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In our second experiment, the sample included 253 adults working in all industries in the United States. Participants were asked to imagine that they were a sales representative at a marketing company and one day at work another employee from the same marketing company came to their office to talk. Next, participants listened to one of their colleague’s four audio recordings. The recordings portrayed either a black actress or a white actress, and either the anger was expressed or it was not. We used audio clips instead of video clips to avoid distractions, such as the employee’s appearance. The employee in the audio clip who approached the desk either had a traditionally black name, Lakeisha, or a traditionally white name, Claire.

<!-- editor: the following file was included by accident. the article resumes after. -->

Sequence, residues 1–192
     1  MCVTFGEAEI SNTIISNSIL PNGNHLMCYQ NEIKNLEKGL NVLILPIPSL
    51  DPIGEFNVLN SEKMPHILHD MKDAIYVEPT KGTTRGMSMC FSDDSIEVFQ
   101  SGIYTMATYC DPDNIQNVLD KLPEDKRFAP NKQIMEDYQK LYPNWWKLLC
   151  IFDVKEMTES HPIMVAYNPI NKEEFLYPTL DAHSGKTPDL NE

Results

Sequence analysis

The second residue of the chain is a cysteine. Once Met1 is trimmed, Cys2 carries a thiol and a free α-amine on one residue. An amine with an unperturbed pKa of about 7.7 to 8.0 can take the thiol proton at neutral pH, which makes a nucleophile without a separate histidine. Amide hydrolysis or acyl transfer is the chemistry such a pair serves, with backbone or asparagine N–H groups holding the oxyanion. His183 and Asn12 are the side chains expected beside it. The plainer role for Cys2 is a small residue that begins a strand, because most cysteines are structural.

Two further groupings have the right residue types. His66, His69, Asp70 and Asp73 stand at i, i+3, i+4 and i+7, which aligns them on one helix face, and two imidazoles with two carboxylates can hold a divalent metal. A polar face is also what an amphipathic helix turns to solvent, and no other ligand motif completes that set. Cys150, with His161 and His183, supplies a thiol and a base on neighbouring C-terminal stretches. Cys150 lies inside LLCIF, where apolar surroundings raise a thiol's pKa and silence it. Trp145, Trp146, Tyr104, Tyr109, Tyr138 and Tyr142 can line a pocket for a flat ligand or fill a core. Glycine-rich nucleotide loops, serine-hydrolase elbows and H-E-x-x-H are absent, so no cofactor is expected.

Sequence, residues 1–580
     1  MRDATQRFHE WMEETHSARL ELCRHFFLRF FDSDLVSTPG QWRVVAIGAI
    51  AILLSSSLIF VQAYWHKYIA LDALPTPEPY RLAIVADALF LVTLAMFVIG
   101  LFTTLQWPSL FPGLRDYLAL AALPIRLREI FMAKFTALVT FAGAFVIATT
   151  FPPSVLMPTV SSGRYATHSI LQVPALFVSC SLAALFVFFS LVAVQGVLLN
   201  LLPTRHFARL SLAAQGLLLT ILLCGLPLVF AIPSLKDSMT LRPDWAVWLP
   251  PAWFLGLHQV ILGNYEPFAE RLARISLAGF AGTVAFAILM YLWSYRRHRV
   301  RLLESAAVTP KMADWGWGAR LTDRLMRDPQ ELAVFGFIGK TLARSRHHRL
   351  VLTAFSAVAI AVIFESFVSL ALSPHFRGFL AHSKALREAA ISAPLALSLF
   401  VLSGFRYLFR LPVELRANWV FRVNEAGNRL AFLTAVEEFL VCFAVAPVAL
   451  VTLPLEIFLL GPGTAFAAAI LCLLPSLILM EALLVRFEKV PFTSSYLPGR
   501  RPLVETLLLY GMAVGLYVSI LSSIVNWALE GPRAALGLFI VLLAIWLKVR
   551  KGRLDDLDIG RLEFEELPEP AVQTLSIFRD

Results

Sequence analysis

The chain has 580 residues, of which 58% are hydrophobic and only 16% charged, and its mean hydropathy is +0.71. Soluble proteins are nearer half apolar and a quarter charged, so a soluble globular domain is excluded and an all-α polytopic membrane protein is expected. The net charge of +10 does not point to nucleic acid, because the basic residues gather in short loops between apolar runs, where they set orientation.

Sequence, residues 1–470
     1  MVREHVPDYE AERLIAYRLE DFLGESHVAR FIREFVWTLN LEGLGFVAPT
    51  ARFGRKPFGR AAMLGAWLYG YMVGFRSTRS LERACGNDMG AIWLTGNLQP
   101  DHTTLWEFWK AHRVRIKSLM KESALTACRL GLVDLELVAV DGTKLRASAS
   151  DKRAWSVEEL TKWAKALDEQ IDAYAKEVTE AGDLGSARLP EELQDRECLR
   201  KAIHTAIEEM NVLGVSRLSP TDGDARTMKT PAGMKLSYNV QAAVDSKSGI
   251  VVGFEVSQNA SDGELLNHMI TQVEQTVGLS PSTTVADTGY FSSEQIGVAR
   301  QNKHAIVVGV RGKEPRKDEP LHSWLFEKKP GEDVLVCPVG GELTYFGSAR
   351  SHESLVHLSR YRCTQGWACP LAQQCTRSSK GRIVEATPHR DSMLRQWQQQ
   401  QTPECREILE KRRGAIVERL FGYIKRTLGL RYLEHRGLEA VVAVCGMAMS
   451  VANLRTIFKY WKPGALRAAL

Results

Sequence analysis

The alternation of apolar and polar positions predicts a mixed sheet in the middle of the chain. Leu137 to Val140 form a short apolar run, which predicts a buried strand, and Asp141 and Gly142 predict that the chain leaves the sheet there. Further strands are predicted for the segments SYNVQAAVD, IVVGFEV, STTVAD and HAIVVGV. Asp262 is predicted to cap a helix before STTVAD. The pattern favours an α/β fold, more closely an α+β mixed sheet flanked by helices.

In the recording, Claire or Lakeisha told the participants that she had seen them arriving late for work and how she had mentioned several times before that their being late was unprofessional. In recordings that included expressions of anger, Lakeisha or Claire expressed a stern and hostile tone, raised their voices, and appeared visibly annoyed and outraged by the participant’s lateness. These vocal assignments were absent from the other recordings. After listening to the clip, participants answered questions about stereotypes, such as: Are black women aggressive? They also answered a series of questions about assignments, performance reviews and leadership abilities.

In the second experiment, participants were more likely to attribute the black employee’s anger to internal characteristics (her personality) because the behavior was reminiscent of the stereotype of an angry black woman. Again, this reaction had negative consequences for the black woman, resulting in lower performance ratings and lower ratings of her leadership abilities, even controlling for the gender and race of the study participants.